The Chinese government and the gaming giant Tencent — known for owning Riot Games which produces League of Legends and Teamfight Tactics — have come together to crack down on video game cheat rings, resulting in the closure of the “world’s biggest” cheat operation.
The BBC reports that 17 cheat codes were destroyed and 10 people were arrested by local authorities on March 31, which comes as a result of tackling the “Chicken Drumstick” operation that was selling cheat codes on a website to customers all around the world. While subscriptions to the website ranged from $10 USD a day to $200 USD a month, authorities were able to seize a considerable amount more in its operation — approximately $46 million USD worth of assets, including a fleet of luxury cars like Lamborghinis, McLarens and Ferraris.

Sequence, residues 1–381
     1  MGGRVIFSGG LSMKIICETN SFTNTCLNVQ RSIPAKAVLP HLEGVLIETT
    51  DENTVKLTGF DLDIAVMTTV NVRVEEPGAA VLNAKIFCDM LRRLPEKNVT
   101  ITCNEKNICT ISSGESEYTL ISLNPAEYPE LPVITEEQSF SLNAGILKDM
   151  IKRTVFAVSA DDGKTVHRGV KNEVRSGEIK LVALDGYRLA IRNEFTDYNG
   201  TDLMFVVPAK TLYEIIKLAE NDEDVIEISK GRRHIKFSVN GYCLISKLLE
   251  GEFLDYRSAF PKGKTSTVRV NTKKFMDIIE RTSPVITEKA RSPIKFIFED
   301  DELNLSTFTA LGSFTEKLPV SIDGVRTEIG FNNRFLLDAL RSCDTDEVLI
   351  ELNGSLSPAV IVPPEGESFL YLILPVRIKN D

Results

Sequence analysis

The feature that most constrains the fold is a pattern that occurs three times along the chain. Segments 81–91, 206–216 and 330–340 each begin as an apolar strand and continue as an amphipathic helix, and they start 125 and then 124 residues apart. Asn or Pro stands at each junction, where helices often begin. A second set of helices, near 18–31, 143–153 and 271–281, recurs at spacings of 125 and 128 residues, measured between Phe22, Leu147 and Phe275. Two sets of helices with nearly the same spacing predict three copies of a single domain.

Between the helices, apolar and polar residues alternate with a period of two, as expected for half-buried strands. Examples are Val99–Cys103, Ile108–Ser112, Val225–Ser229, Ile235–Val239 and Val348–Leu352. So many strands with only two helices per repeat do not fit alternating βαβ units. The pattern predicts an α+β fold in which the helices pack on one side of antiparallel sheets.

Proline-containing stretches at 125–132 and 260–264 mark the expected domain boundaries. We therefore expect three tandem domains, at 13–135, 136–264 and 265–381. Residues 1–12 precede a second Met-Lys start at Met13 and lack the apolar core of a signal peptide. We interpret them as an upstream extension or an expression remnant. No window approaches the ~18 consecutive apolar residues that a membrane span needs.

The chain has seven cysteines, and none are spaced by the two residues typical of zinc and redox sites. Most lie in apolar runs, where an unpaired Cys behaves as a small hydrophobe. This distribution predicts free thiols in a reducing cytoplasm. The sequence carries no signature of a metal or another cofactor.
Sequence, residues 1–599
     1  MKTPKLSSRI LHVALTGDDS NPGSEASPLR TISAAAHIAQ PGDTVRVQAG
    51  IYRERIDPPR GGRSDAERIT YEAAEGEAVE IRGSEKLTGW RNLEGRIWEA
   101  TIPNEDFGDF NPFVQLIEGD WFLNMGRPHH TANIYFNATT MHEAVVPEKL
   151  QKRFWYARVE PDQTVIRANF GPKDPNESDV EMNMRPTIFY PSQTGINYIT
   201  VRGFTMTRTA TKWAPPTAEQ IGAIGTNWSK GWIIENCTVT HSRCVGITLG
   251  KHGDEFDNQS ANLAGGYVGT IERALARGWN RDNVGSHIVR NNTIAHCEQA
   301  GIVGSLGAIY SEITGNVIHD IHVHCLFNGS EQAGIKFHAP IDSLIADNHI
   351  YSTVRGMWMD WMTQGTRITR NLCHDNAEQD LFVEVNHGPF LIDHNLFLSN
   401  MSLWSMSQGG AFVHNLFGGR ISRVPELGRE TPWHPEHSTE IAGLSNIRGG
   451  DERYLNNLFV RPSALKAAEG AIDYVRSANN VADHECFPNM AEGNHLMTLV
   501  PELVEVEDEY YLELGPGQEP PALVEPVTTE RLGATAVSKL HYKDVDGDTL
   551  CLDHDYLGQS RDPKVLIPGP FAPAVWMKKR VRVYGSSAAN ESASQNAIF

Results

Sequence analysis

The organization made $76 million USD in revenue from its cheat-based subscription program before the shutdown, which supplied players with cheat codes for games like Overwatch and Call of Duty Mobile. A growing number of high-stakes e-tournaments and the prevalence of cheat codes cheats puts the integrity of fair play at risk.
In other news, here is the latest on the PS5 shortage.